14. A multi-country survey of organizations running video monitoring systems, conducted by Ava Security, found that U.S. firms are avidly repurposing their existing video monitoring systems to support the ‘COVID Safe’ return to offices and workplaces across North America.

  15. The third poll in a series of nationwide surveys conducted by Navigate360 and John Zogby Strategies, a national polling firm, shows the majority (54%) of teens today do not feel prepared to deal with the anxiety of returning to school and do not believe schools are equipped to respond effectively to emergency incidents or mental health needs. 
  16. The city of Eilat, Israel has implemented viisights' behavioral recognition system to detect, predict and analyze events of interests in real-time and alert authorities of crowding, violent/suspicious activity, traffic or crowd congestion, and more.

  17. Harbor East, a mixed-use community in Maryland, has installed turnstiles in several buildings over the years to provide safety and security to residents, visitors and employees.

  18. A 2020 Most Influential in Security, Michael Matranga announced the launch of M6 Global, a team of the nation’s top security and emotional intelligence experts, to provide holistic plans for safe communities and workplaces.

  19. There are all types of facilities in the world. Each has their own unique requirements and challenges, depending on their location, vertical market, industry regulations, and laws, to name a few. With this in mind, it might seem difficult for facility and security managers to find just the right security solution to meet their needs.

  20. In recent years, there has been a recognition that social engineering plays a huge part in the execution of cybersecurity attacks. The intersection of “non-physical” and “technical” social engineering is where criminals are mostly focused today. Enter deepfake technology, which poses a looming risk over enterprises and their security leaders as they figure out how to prepare for and mitigate such a risk.

  21. Since Digital Shadows published its first report last year, Initial Access Brokers: An Excess of Access, the company has continued to closely monitor the IAB criminal category. Where it tracked roughly 500 IAB listings in all of 2020, already in 2021 it has found some 200 new listings published by IABs in cybercriminal forums and other dark web sources in just Q1.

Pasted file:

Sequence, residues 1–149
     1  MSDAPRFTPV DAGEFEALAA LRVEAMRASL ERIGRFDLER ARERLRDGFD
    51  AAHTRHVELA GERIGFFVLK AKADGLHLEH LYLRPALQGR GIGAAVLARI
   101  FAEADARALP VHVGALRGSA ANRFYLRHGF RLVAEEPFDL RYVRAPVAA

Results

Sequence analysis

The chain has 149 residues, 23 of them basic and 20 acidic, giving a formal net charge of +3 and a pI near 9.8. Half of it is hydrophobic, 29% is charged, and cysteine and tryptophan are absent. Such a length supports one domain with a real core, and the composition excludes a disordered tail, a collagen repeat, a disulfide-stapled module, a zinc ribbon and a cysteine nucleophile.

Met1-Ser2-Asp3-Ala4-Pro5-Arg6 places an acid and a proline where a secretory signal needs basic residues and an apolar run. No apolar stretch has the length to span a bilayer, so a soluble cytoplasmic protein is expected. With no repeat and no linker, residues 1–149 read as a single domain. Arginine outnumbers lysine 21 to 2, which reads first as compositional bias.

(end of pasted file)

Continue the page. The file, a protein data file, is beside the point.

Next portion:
22. Cybercriminals continue to exploit unpatched Microsoft Exchange servers. Cybersecurity researchers at Sophos report an unknown attacked has been attempting to leverage the ProxyLogon exploit to unload malicious Monero cryptominer onto Exchange servers, with the payload being hosted on a compromised Exchange server. 
  23. Recently, TalentLMS partnered with Kenna Security to survey 1,200 employees on their cybersecurity habits, knowledge of best practices, and ability to recognize security threats. Here are some of the staggering results that offer some explanation as to why cybercrime has grown into such a lucrative business:
  24. Zero Trust Architecture (ZTA) is a trendy term touted by cybersecurity vendors. But there isn’t a single ZTA solution. The architecture is composed of numerous components, that when taken together, form a new paradigm for dealing with cybersecurity that is appropriate in a modern world where corporate enterprises are no longer confined to a well-defined and trustworthy perimeter such as remote working and cloud environments. For reference, the National Institute of Standards and Technology (NIST) has created a very detailed ZTA publication 
  25. The New England College of Optometry (NECO) formed a COVID-19 Task Force and began exploring ideas to enable in-person learning at the school in a safe, effective and well-planned manner. One of the solutions that NECO implemented is a contact-tracing tool that allows the school to respond immediately to report of an infection, accurately and effectively, without relying on a sign-in sheet or a person’s recollection of their previous contacts.